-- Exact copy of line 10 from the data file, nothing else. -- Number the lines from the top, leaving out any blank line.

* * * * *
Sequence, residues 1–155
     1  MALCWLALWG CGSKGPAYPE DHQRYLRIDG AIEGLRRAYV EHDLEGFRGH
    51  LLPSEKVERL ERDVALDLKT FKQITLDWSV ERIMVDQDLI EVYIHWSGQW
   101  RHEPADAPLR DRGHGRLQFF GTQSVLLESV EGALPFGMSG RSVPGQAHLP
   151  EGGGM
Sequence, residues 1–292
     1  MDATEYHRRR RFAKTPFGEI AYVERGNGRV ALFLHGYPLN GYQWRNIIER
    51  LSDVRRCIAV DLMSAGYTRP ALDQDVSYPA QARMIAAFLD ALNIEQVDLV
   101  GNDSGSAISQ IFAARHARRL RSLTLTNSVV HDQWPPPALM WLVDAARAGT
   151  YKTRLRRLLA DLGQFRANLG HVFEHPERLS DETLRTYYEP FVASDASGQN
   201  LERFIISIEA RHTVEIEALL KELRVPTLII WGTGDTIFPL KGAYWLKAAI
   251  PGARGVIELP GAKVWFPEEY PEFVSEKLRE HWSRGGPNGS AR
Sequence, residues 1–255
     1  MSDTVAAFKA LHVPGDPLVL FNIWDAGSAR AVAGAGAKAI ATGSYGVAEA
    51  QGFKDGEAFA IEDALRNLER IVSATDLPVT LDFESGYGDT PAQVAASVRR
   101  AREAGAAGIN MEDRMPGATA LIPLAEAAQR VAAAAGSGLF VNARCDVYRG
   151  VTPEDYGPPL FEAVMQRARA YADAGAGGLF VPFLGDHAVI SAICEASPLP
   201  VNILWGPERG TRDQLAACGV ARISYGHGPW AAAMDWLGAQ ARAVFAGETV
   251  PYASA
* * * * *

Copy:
   151  YKTRLRRLLA DLGQFRANLG HVFEHPERLS DETLRTYYEP FVASDASGQN